Practicing Contentment

Paul recorded for us how he could be content during all the trials of his life. First let me recap from 2 Corinthians 11:23-33. Here is a list of the things he suffered for the Lord’s sake: labors more abundant, in stripes above measure, imprisoned, beaten with rods, stoned, shipwrecked, various perils, weariness, toil, sleeplessness, hunger, thirst, often fasted, cold, nakedness, plus he had a deep concern for the all the churches.


Paul’s key was recorded for us in Philippians 4:11-13. It was not a gift. He learned to be content. In order to learn something we have to practice. It takes diligence to gain a skill. Listen to his words.


“Not that I speak in regard to need, for I have learned in whatever state I am, to be content: I know how to be abased, and I know how to abound. Everywhere and in all things I have learned both to be full and to be hungry, both to abound and to suffer need. I can do all things through Christ who strengthens me.”


We glean from several of Paul’s writings how he brought his body into subjection. Since he was a man of God’s word, I believe he disciplined his thoughts first.

1 Corinthians 9:27 says, “But I discipline my body and bring it into subjection, lest, when I have preached to others, I myself should become disqualified.”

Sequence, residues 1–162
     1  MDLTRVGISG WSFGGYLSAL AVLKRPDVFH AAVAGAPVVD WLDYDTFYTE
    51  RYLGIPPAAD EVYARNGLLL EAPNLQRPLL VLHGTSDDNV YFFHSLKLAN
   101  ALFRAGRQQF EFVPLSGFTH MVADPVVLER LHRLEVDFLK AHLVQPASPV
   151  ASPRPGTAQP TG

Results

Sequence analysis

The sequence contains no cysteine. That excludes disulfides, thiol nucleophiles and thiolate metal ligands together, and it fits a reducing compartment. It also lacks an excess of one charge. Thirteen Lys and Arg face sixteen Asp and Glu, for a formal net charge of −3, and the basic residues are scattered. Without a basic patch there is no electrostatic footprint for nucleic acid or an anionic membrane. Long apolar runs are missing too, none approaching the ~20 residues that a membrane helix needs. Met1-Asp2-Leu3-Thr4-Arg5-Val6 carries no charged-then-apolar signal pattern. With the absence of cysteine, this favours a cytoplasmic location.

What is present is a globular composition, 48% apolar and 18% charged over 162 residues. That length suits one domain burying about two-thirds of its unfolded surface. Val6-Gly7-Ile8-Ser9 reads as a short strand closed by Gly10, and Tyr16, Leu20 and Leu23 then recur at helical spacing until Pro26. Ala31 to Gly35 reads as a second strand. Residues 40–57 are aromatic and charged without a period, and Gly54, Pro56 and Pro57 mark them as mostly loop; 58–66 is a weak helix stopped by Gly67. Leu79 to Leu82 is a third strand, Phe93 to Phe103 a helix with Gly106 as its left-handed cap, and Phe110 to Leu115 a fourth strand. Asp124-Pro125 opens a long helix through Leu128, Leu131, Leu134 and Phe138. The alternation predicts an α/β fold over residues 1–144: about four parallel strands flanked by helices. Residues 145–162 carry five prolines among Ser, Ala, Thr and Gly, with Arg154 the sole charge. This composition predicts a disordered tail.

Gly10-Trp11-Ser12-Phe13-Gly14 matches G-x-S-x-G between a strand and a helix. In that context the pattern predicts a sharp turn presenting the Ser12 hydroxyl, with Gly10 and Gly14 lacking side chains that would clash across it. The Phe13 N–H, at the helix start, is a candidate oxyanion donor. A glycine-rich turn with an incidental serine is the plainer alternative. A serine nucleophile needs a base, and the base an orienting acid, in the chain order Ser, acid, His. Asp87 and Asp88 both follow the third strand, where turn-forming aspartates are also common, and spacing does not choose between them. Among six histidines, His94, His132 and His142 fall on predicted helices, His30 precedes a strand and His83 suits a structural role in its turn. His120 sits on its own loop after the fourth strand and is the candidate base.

Romans 7:23-25 says, “But I see another law in my members, warring against the law of my mind, and bringing me into captivity to the law of sin which is in my members. O wretched man that I am! Who will deliver me from this body of death? I thank God—through Jesus Christ our Lord! So then, with my mind I myself serve the law of God, but with the flesh the law of sin.”

In those three verses we see how he fought his flesh through his thoughts. He counseled Timothy to maintain a good conscience. Paul was his example. Acts 24:16 says, “This being so, I myself always strive to have a conscience without offense toward God and men.”


Dialoging with thoughts of discontentment will only intensify the temptation to murmur and complain. Numbers 11:1 says that complaining displeases the Lord.

Hebrews 13:15 is a great verse to help us redirect our thoughts when we are feeling discontent. It says, “Therefore by Him let us continually offer the sacrifice of praise to God, that is, the fruit of our lips, giving thanks to His name.”


When we feel like complaining, that is the signal to break out in praise. It is a sacrifice that sends up a pleasing aroma to the Lord. Praise lifts our thoughts from off our circumstances up to Him who is Lord Over All.

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